As a Dublin born member, it is not lost on me that people travel from all over the world for a chance to hear or to sing with Anúna. On a grey Wednesday evening I walk down a road and into an old church and there I stand on the shoulders of thirty years of musical history. I think about the colour of the piece, breathe in and take part in something which is both natural and profound.
I grew up learning traditional Irish tunes on the fiddle and then began to write songs and play loudly in rock bands.
Over the years, I spent more and more time arranging other people's songs, singing in my Dad's traditional sessions and running an open-night of music and storytelling in Dublin's City Centre. All this helped me keep a grip on my mental well-being and filled the void that was left when I stopped writing songs for myself as a kid, with my own voice. Being in Anúna is a slow and constant crawl back to that unaffected, honest and joyful release of sound, only now the aim is to create it whether singing for myself or several thousand people.
From an outsider's perspective, Anúna achieves unrivalled clarity of sound and is a group which seems to operate according to its own system with all emphasis on authenticity. After some time in Anúna it's hard to imagine working any other way. We perform with a singular vision. Combining our voices without a conductor, we must respect every member of the ensemble as an equal artist who has the capacity to change the direction of the piece at any given moment.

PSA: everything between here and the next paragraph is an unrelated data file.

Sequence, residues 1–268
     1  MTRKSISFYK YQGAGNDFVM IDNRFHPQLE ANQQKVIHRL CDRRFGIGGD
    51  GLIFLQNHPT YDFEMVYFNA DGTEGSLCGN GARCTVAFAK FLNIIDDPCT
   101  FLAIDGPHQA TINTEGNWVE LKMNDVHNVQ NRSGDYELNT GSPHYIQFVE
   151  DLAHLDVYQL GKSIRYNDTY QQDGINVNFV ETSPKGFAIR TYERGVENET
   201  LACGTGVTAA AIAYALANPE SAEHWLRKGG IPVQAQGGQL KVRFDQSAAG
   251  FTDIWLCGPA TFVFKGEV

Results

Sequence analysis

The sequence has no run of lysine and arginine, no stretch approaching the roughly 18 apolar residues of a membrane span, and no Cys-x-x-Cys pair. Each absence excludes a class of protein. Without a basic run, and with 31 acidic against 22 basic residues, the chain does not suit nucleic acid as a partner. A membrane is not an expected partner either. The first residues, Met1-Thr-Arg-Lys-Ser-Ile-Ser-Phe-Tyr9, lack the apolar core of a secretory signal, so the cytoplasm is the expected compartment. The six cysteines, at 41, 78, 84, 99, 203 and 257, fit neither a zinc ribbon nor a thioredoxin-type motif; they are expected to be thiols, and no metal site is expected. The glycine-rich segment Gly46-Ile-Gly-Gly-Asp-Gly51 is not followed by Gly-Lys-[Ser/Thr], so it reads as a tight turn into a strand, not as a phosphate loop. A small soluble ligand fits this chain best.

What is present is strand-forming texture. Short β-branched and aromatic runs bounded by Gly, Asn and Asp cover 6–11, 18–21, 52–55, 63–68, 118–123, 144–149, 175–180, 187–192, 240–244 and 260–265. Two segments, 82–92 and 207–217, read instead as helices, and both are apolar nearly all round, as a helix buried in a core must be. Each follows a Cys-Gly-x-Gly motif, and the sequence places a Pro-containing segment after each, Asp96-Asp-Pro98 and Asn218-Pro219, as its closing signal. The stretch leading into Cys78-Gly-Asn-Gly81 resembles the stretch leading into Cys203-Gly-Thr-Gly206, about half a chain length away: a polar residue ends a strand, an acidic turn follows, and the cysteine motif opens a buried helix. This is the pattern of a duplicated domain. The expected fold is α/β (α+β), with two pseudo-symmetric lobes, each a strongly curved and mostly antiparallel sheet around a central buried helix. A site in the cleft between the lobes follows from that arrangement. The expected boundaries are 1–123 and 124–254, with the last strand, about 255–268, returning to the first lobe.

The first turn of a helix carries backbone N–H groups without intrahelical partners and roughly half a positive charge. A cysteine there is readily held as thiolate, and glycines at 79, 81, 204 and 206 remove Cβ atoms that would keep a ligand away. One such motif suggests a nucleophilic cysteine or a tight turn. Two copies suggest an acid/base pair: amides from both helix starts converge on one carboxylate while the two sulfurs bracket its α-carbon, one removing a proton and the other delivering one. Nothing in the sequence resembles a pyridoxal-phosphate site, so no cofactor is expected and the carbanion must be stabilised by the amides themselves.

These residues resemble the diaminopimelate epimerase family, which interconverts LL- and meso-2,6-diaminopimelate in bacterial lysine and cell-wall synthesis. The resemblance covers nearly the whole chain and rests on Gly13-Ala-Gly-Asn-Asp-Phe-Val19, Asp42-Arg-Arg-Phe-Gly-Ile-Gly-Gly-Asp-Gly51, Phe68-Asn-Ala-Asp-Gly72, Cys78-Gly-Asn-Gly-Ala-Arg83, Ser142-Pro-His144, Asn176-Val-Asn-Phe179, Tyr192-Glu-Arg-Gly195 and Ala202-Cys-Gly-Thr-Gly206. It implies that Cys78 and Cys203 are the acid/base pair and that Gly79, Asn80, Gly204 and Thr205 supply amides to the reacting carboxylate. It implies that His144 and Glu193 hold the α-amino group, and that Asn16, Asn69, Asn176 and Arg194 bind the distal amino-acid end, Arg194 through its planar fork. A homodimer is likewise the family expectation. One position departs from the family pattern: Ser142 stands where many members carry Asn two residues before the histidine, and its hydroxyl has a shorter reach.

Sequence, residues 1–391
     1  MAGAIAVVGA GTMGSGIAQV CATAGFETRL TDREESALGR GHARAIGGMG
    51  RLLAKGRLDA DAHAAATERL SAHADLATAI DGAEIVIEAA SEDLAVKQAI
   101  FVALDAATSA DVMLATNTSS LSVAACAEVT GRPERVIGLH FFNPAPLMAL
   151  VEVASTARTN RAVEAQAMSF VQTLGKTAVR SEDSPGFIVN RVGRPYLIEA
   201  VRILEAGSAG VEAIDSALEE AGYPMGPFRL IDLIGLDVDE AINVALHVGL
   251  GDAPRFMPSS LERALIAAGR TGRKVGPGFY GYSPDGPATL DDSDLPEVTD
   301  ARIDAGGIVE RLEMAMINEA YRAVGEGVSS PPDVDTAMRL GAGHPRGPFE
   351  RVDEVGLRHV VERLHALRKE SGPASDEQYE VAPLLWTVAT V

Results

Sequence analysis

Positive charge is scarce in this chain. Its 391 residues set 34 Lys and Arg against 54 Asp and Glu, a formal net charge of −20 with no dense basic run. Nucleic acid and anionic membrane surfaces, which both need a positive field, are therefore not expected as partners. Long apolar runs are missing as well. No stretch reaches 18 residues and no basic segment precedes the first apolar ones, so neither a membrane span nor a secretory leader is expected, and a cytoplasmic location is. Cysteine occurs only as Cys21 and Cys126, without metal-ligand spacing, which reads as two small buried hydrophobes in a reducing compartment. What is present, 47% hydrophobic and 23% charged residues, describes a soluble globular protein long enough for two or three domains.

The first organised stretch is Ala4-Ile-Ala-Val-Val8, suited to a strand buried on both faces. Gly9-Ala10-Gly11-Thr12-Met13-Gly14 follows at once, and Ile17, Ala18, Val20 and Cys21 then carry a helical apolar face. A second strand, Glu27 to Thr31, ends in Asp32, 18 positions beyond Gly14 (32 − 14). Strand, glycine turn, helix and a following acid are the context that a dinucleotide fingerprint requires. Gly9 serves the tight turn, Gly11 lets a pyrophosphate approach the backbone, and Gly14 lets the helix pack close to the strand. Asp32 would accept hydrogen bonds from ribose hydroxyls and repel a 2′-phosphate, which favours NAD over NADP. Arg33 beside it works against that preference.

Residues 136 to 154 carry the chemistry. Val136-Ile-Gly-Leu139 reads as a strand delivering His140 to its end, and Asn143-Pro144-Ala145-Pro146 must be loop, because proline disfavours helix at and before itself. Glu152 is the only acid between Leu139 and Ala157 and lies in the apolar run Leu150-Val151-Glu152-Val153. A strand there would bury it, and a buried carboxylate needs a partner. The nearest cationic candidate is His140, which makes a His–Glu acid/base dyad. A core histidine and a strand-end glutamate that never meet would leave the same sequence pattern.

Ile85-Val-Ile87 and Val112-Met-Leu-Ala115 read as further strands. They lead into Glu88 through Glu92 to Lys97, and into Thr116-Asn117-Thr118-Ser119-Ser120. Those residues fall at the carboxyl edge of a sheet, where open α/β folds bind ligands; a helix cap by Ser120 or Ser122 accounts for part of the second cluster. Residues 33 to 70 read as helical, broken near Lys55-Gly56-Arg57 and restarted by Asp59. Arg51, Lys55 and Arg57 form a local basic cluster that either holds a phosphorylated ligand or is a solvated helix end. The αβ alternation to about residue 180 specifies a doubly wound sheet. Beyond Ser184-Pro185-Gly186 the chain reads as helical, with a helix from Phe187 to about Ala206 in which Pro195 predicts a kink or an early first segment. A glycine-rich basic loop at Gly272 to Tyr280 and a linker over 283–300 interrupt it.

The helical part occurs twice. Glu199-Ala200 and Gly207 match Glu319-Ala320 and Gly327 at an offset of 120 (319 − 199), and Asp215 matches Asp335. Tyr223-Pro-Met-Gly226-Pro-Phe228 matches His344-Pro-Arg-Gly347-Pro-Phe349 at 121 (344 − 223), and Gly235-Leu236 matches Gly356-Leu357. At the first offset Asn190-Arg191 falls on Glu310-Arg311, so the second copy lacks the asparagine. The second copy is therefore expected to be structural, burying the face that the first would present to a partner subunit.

For me, this interdependence is part of what makes singing in Anúna feel more like playing in a band than singing in a choir. In order to have survived over thirty years, Anúna has changed and grown with its members, but in it’s essence it stays the same: an ensemble of extraordinary people of different disciplines and backgrounds, combining their intent to create something which maintains, and challenges its own world-leading pedigree.